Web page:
You didn't say "Cosleeping is something I wouldn't feel safe or comfortable doing or endorsing"-that would have been a valid opinion, and I can't imagine anyone giving you any grief over it. You stated something that has been proven wrong and were called on it. Sorry.
  10. by   NurseyBaby'05
    Quote from KellNY
    Go to the Dr. Sears page. Putting the matress on the floor is a great way to minimize this, as is pushing the bed up against the wall (make *sure* there is no gap between wall and matress--you can actually use one of those hard foam inserts if there is). As many have mentioned, a good "compromise" are those little side car things that sort of attach to your bed.

    I have a co-sleeper, but that will do me no good when he starts creeping about. Even if he's against the wall, he could still crawl out via the foot of the bed. I'm not so worried about when he's just rolling over, but more when he's actually mobile. Our bed is pretty low to begin with, so we'll just have to see how things go. I'm thinking he'll be spending more time in his crib at that point. He won't be awake as much through the night as he will as a small infant. I'm flexible. Maybe he'll take after his father and have no sense of adventure, but I'm thinking I'm probably doomed to have one just like me. :imbar
  11. by   justme1972
    Quote from luvmy3kids
    I was told that the debate about laying a baby on it's stomach to prevent it from choking on it's vomit has been debunked... Apparently if a child were to be lying tummy down and their face turned to the side... any vomit could potentially stay within the oral cavity and block the airflow... However if they are lying on their backs... and vomit... it is most likely that they would cough it out...

    Does that make sense...
    I googled a Q & A about sleeping on the tummy and choking on vomit... here is a piece of it

    Q: Won't my baby choke on spit-up or vomit during sleep if placed on its back?
    A: Many parents place babies on their stomachs to sleep because they think it prevents them from choking on spit-up or vomit during sleep. But studies in countries where there has been a switch from babies sleeping predominantly on their stomachs to sleeping mainly on their backs have not found any evidence of increased incidence of aspiration, pneumonia, choking, or other problems. In addition, the AAP has reviewed all the scientific literature and found that there is no additional risk of choking on vomit when babies sleep on their backs. Experts actually feel that babies are at a higher risk for choking or aspirating when placed on their tummies than they are when placed on their back.

    http://www.firstcandle.org/expectant...reduce_qa.html



    Hope that helps anyone worried about that part of it....
    I asked this SAME question when my twins were in the hospital b/c when I was young, it was the tummy, and now, they teach putting them on their backs.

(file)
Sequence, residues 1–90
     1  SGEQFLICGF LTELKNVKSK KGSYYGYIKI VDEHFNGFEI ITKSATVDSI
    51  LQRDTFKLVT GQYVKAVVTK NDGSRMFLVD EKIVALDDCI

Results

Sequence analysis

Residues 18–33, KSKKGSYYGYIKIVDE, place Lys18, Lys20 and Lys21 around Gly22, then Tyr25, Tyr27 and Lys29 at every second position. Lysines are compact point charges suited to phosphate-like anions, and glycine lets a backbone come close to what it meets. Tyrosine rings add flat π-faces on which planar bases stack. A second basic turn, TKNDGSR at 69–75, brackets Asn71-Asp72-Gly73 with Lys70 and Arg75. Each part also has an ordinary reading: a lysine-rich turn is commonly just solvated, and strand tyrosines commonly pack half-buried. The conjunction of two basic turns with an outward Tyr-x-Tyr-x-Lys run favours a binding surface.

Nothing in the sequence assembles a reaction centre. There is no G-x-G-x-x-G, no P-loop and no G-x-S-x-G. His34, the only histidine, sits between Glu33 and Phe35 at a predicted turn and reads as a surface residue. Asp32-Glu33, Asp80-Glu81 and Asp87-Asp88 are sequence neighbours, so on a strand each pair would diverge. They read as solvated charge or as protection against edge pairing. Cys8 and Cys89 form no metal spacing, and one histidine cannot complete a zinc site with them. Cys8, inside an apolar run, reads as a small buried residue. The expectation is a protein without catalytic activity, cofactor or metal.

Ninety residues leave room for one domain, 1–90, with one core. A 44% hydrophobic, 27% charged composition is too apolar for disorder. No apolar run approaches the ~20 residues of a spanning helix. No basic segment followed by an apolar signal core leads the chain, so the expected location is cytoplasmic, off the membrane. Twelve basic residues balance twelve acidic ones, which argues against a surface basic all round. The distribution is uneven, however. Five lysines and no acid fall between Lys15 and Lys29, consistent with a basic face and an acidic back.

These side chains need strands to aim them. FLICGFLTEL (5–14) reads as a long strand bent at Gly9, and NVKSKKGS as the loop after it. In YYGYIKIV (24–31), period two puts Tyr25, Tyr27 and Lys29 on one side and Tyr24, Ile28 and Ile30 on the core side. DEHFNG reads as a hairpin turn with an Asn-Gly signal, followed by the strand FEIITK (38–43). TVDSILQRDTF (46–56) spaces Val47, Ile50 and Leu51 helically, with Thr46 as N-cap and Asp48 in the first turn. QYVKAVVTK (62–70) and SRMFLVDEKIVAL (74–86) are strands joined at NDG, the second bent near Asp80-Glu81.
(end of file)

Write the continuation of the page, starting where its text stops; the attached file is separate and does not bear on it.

I'm sure this isn't a "newsflash"...I saw that babies, even fresh newborns, turn their heads when they spit up and it flows out of their mouths.

    I believe that this is a reflex.
  12. by   DutchgirlRN
    Quote from KellNY
    You stated something that has been proven wrong and were called on it. Sorry.
    No, don't be sorry. I haven't been proven wrong. Others agree with my point of view. I haven't been called on anything. Stating that I have been "proven" wrong is a blanket statement and not an opinion. That works two ways.

    Laying a child in a basinette next to the bed is not going to be responsible for a SIDS death no more than sleeping with your child is going to cause a true SIDS death.

    Deaths that occur due to co-sleeping are listed as accidental and are the result of the infant being in the parents bed whether it be due to suffocation, getting trapped between the bed and wall or falling off of the bed. I'm talking about accidental deaths. If a child, God forbid, dies of SIDS the parents are devastated wether or not they were sleeping with the child. SIDS is not listed as an accidental death.
    Last edit by DutchgirlRN on Mar 23, '07
  13. by   crissrn27
    Two things I have to mention, accidental deaths happen in cribs too. blinds to close, ect. The key is to have a safe sleeping enviroment, be it crib or adult bed. I think the majority of posters are following the rules of cosleeping, probably not the case with all cosleepers. Just as all parents that use cribs do not put their babies to sleep safely. I have seen many cribs by open windows, blinds too near, etc. People should have a right to know how to put their babies to sleep safely, in a crib or bed. Second, now I am by no means saying this is common, the back to sleep program has really reduced sids rates, but I have found a couple of babies in the nursery, formula/mucus/breasmilk still in their mouth and had to suction and bag them. Just had to mention that, how many miss being able to do side to sleep?